This study presents some limitations. Although approximately 90% of the Brazilian adolescents have access to school,29 it is possible that those who dropout school or seldom go to classes have different risk behaviors, which may have led to an underestimate of the real prevalences for that age group. For example, the use of illicit drugs is known to be associated with the lack of school attendance.24

Another limitation is the fact that the population studied is composed only by adolescents who have already began their sex lives, so it is necessary to be cautious not to extrapolate the results. Besides that, PeNSE does not represent adolescents according to age group, since the sample is based on the school year, for day shifts. Therefore, the prevalences found cannot be used as representative of the ages included in the sample - even knowing that most adolescents in this age group study on day shifts. We cannot dismiss the possibility of residual confounding, due to the lack of a robust variable for income and/or economic bracket. The variables for alcohol, tobacco and drugs use do not reflect the weekly behavior of adolescents, but it is believed that, for this age group, the use in the last 30 days (for tobacco and alcohol) and once in their lives (for drugs) is already enough to be considered risk behavior.

The lack of variables for STI is also a limitation, since we cannot be certain if the behaviors analyzed in the present study are associated to diseases in this sample. Besides, it is important to highlight that the collection of information on behavior variables and sexual diseases is always difficult, mainly in this age group: adolescents may not reveal the truth, underestimating the estimates.

As aforementioned, we chose to work with the outcomes in separate groups in order to better explore the way they were grouped, because, when analyzing all the risk behaviors some effects were blurred (data not presented). Thus, it could be possible to think that alcohol, tobacco and drugs are more distant from sexually transmitted diseases, and can be the gateway for other behaviors; and the number of partners and no use of condom are closer. From a conceptual model, taking into consideration the STI, it would be plausible that the effect of alcohol, tobacco and drugs could be measured by the number of partners and no use of condom; however, this type of analysis was not approached, since the outcome was the simultaneity of risk behaviors for STI.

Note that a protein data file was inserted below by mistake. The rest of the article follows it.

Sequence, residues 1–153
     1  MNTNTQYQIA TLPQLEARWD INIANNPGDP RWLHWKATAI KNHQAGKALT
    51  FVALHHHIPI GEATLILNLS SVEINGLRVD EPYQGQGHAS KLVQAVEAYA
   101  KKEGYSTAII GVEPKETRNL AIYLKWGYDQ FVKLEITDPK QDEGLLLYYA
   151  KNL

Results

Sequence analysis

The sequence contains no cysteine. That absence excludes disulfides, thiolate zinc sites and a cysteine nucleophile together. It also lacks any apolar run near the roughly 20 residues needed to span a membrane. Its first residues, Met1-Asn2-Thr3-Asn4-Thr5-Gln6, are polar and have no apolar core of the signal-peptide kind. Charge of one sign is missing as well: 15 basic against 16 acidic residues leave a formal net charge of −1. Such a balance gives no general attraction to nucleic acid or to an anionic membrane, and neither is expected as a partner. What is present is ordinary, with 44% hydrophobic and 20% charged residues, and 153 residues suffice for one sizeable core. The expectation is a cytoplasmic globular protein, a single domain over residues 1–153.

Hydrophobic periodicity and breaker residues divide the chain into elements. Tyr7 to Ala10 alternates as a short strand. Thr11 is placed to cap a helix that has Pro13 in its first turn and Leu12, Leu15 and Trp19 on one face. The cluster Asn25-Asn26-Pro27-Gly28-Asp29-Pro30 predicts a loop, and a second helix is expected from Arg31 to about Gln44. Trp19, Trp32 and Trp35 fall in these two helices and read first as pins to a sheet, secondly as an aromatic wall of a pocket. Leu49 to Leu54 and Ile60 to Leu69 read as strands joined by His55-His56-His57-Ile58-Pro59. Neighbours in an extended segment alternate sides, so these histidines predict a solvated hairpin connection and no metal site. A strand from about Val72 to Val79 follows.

Although literature on risk factors for STI in adolescents is relatively wide, as far as we know, this is the first study that assesses the simultaneity of these factors. This type of analysis allows a broader view on the reality and helps the development of public policies and interventions, since a risk factor hardly occurs independently from other.

School-based interventions that aim to prevent risk behaviors should be conducted or remodeled. Although some ages present higher risk, education actions should be timely conducted so the adolescent acquires the knowledge and chooses the safer option. We suggest more population-based and longitudinal studies to be conducted, so the factors associated to simultaneity of risk factors for sexually transmitted infections - STI - can be investigated, contributing with a better understanding of these relations.

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Received: August 18, 2016; Accepted: January 11, 2017

Correspondence: Rosália Garcia Neves - Rua Santa Cruz, No. 1740, apto. 411, Centro, Pelotas-RS, Brasil. CEP: 96015-710. E-mail: rosaliagarcianeves@gmail.com

Neves RG, Wendt A, Flores TR, Costa CS, Costa FS, Tovo-Rodrigues L and Nunes BP contributed to the conception, analysis and interpretation of data and manuscript writing. All the authors participated in the relevant critical review of the manuscript’s intellectual content, approved its final version and declared to be responsible for all aspects of the study, ensuring its accuracy and integrity.